A new committee that will help bring Australian oversight to its education portfolio has been established by FINSIA.
The Education Advisory Committee is seen as a key initiative in having a much greater say in the direction of all of FINSIA’s professional qualifications.
Head of Education Kylie Blundell SA FIN said: “We have always had specific local development on our portfolio of professional qualifications.
“But this new committee will bring more local oversight for FINSIA.
“It is more appropriate to have that oversight and input for membership and the wider banking and financial services community.
“Having this committee ensures what we do is of the top quality and pertinent to Australasia.
“It’s also part of the process of full accreditation from the Chartered banker Institute.
“It’s all about ensuring the quality of the education programs we have launched across financial services - from Professional Banking Fundamentals to Certified Professional Banker and Chartered Banker, as well as those short courses we run.”
Members of this committee that will be chaired by Professor Duncan Honore-Morris SF FIN bring a enormous range of experience spanning education and industry sectors.
Expanding on the remit of the committee, Professor Honore-Morris said: “To give validity and credibility to any educational program it has to have external review. It has to be relevant and contemporary to where it is being used.
“Having our own educational advisory board will make it contemporary for Australian needs, and this industry.
“Obviously there will be similarities, but there will always see some unique differences between Australia and the UK.”
There was also an element of reputational brand risk in not having the external review, he added.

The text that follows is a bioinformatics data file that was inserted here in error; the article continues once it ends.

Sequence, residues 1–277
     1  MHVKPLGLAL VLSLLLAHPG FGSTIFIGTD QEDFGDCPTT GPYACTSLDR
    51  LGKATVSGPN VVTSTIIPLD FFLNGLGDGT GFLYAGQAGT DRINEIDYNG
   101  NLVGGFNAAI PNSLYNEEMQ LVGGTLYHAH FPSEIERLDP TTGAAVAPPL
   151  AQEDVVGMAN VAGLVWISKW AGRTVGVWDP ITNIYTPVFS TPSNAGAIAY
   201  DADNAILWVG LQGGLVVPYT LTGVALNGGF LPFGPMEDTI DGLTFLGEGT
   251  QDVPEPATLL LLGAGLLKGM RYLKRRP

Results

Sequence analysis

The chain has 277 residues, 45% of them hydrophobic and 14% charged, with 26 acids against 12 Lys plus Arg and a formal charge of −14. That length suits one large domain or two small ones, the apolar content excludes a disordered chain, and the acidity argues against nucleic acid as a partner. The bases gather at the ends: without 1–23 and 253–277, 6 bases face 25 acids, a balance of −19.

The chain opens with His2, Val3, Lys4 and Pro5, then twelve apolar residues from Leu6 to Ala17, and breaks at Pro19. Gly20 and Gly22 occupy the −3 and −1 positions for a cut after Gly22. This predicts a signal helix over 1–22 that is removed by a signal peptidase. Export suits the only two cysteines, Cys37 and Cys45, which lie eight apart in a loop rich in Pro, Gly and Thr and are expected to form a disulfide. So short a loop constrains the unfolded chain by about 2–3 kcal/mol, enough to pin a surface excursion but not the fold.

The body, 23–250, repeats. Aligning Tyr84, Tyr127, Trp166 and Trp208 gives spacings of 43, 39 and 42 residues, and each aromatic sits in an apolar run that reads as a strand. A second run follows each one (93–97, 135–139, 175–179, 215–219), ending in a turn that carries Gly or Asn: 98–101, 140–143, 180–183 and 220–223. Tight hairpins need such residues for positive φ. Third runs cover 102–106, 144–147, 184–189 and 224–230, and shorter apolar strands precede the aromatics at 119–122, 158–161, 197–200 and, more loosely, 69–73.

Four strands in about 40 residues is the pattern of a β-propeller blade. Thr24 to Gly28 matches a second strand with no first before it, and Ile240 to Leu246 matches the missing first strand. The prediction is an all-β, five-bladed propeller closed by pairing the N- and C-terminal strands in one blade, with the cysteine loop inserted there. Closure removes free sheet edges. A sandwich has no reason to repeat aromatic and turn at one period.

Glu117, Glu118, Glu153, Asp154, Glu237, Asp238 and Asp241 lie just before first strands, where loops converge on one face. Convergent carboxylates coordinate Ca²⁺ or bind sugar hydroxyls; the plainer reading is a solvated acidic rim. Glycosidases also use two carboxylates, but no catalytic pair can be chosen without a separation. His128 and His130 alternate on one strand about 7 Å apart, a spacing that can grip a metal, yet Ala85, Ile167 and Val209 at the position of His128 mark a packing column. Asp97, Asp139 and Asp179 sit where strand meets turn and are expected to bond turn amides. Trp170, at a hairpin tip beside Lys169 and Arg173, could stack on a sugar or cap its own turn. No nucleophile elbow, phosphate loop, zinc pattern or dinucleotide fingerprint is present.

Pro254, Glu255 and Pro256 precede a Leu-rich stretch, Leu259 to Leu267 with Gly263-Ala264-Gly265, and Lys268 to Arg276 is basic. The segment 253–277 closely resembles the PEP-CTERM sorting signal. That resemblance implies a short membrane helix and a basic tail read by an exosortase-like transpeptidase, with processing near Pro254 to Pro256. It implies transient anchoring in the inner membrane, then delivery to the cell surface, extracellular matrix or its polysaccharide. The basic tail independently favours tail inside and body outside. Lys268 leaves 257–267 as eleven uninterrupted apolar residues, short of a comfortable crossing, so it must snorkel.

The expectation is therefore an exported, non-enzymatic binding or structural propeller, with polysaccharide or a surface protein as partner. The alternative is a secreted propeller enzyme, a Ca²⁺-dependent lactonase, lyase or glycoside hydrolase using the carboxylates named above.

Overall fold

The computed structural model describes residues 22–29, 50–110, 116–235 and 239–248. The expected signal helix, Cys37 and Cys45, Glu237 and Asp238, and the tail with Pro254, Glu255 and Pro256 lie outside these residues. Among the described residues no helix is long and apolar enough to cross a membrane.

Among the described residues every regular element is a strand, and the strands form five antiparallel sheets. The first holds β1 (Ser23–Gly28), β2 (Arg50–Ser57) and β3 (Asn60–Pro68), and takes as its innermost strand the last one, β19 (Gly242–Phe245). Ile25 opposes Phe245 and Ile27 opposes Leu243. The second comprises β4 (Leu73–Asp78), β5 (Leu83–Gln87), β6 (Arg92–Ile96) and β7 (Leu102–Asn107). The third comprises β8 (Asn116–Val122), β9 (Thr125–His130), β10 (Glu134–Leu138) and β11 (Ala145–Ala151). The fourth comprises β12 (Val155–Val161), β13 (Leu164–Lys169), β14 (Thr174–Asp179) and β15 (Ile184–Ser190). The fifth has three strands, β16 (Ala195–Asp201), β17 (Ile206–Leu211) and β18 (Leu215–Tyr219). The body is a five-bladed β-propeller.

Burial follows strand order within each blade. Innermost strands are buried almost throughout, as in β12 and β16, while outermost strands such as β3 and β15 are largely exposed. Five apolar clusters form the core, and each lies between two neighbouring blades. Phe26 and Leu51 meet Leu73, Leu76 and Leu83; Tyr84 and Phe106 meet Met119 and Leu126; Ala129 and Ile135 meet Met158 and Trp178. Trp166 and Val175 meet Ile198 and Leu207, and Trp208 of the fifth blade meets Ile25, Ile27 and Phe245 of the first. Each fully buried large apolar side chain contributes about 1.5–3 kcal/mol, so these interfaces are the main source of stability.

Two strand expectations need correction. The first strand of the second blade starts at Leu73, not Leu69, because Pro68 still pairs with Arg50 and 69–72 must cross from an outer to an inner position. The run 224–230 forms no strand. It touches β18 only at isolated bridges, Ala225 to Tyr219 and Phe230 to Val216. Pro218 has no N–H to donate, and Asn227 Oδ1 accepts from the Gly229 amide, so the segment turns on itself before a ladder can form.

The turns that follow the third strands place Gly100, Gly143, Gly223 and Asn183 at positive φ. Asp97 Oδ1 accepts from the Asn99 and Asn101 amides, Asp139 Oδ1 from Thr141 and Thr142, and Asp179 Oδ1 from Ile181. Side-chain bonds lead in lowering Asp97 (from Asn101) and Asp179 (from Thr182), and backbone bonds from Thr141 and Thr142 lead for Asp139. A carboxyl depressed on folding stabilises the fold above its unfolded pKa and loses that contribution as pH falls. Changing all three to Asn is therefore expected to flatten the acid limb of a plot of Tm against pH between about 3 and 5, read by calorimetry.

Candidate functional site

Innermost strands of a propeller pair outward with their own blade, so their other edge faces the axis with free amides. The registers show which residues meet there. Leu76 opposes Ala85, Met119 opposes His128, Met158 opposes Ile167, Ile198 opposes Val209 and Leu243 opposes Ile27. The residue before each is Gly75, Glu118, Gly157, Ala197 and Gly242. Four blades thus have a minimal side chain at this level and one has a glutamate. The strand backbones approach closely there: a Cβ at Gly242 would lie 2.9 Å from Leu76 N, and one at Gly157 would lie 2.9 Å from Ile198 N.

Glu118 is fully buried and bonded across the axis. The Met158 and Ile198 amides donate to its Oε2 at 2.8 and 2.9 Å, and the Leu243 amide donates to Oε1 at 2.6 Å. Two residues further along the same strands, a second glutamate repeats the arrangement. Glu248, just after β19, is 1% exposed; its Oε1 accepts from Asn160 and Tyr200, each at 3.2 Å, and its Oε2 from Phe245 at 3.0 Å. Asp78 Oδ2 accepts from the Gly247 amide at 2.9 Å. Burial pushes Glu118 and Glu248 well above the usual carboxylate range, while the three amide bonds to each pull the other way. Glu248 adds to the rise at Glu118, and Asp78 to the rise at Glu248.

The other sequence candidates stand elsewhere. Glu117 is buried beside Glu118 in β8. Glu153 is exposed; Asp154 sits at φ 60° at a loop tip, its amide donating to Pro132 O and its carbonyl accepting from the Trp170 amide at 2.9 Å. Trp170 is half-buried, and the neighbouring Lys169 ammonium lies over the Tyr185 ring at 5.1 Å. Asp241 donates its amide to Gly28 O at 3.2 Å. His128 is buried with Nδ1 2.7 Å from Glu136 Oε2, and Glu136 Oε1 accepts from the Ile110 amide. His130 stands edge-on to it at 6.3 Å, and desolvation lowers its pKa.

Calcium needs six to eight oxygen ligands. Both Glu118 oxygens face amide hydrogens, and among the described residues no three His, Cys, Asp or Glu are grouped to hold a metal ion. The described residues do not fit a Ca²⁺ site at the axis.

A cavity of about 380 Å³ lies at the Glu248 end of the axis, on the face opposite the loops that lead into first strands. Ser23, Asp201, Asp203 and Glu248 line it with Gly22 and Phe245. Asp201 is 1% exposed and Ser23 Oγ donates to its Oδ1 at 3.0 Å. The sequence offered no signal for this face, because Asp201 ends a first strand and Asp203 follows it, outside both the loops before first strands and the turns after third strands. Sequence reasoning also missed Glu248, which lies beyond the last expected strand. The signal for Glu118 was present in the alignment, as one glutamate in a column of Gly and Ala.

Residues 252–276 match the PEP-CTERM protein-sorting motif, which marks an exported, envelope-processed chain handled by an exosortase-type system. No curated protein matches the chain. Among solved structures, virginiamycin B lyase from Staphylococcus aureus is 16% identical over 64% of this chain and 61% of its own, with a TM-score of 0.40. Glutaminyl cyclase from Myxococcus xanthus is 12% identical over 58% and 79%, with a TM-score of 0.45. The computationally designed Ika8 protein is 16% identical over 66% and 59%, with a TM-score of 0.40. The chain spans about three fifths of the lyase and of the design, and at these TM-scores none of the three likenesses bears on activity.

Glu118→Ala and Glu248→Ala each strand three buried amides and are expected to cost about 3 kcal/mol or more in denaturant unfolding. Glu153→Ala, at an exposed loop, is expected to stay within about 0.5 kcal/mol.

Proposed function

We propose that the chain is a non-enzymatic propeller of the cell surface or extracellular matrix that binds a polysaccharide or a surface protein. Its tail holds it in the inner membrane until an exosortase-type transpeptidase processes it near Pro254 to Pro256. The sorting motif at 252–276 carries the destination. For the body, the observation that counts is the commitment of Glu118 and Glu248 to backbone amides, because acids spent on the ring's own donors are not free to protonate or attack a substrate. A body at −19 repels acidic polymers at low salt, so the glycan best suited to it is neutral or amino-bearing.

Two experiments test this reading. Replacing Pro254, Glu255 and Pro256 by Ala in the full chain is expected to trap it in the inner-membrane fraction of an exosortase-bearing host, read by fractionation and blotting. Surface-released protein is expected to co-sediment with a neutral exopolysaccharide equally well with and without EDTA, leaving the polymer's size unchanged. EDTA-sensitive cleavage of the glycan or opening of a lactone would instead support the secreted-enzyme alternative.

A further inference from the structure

“If we put a brand out here that people don't see it as being relevant that’s a risk for our organisation.
“By making it relevant and contemporary for Australian needs, we certainly improve that reputational brand need.
“It gets more buy-in by our local bankers to meet a higher threshold of professional ethical banking - that then builds onto the reputation, which we need to improve upon.”
While highlighting the fact that a tick box approach to professionalism would not work, he did say that there had to be a professional qualification.
“If we're going to lift this profession and the reputation of bankers in the community, we have to have an appropriate professional qualification,” he said.
“The word Chartered starts to do that. Then as long as we maintain a high professional ethical behavioural standard beside the qualification, I think that's where we gain a lot of traction.
“Some people do qualifications and gain credentials just because it's seen to be done.
“If we have an appropriate level of examination, we then stop those people that just want to pay lip service.
“We actually want people that really understand this and are prepared to make a stand to say: ‘This is the professional ethical standard we require in the banking and financial services industry’.
Standards and Compliance Specialist Melinda Moore was elected Deputy Chair at the committee’s inaugural meeting.
Others on the committee are Massey University Professor of Banking David Tripe SF FIN, University of Sydney Deputy Head of Discipline (Education) Eliza Wu and Finance Professor Mark Brimble.
More members may be added to the committee as: “Broadening the membership of this committee is an ongoing activity for FINSIA.
“We have, and will continue, to ensure there is diversity in sectors, experience and location of committee members.”